I read a lot of great articles this week, and thought I would share the ones that really resonated the most with me (and with WILD’s history and path forward). An article from the NY times and one from Scieneline generally talk about how being in nature invigorates our spirit, calms us and has real, positive and measurable impacts on our health, energy levels and ability to focus.
As someone who lives largely in the digital world, I notice how technology influences my brain and body everyday. I now think in 140 character phrases, which are typically disjointed from one-and-other and, more often that not, refer to something else that I read/saw/did on the internet.
In Outdoors and Out of Reach, Studying the Brain/Your brain on computers (NY Times), a group of scientists head out on a rafting trip to see how time in nature can reverse the impact that technology increasingly has on how we think and act. Even the skeptics among the group ended the trip with a bit less of a “crackberry” addiction. Can a Stroll in the Park Replace the Psychiatrist’s Couch? A new generation of psychologists and therapists focus on the relationship between nature and mental health (Scienceline) describes the increasing popularity of “ecotherapy” and its increasing popularity with practitioners and patients.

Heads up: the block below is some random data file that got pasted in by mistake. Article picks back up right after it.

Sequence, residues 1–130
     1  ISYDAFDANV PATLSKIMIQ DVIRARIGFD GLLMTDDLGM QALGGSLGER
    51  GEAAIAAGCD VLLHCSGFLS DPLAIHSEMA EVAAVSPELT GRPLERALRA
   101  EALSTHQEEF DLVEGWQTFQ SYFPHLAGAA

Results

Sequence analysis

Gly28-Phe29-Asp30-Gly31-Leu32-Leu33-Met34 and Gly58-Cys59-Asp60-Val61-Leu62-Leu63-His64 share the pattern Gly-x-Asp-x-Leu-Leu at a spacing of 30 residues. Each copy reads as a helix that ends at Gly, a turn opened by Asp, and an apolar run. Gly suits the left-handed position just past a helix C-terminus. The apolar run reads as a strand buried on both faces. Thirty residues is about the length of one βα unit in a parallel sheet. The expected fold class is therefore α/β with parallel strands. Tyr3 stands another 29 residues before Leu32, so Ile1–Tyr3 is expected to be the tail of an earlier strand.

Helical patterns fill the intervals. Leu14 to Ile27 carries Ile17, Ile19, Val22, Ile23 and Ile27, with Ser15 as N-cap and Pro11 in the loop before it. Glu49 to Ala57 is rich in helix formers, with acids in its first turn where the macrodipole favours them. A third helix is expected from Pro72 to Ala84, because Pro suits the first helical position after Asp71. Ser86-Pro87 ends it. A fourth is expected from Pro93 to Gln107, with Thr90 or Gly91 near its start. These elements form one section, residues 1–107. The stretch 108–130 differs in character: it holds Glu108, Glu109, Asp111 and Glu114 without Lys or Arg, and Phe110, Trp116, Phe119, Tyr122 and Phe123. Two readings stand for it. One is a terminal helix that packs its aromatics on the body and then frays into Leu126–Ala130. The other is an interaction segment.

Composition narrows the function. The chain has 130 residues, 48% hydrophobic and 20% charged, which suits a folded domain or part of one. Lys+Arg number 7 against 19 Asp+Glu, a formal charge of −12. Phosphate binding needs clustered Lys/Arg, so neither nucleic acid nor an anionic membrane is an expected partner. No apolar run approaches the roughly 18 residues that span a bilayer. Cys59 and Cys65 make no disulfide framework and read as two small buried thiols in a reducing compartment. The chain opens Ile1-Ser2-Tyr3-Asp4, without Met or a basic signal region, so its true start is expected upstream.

While empirical studies about the effects of nature/wilderness experiences on our behavior, happiness and brain function are still developing, WILD, our partners and many others around the world have seen the ‘field results’ of nature as a healer.
Going back into our history, WILD and our sister organizations were founded in the wilderness. Dr. Ian Player and his Zulu mentor Magqubu Ntombela, who during the troubled years of apartheid, lead multi-racial wilderness trails. They new that in the wilderness, we could truly know ourselves and therefore better understand one-and-other. These founding footsteps still permeate our work today. The peace and reconciliation work done by our sister organization in the UK and the Umzi Wethu AIDS orphans program both use wilderness trails to foster leadership, environmental stewardship and personal growth.
One might also think of WILD’s symbol, the Erythrina leaf, which is so closely associated with this quote from Grey Owl, which rings true today as we turn to nature to restore our brain and body: “You are tired with years of civilisation. I come and offer you what? …a single green leaf.”
Reading these two articles and thinking about the importance of time in nature has prompted me to plan a hike in the Colorado mountains tomorrow. No phone, no computer (no twitter, no facebook)….just me and the trail.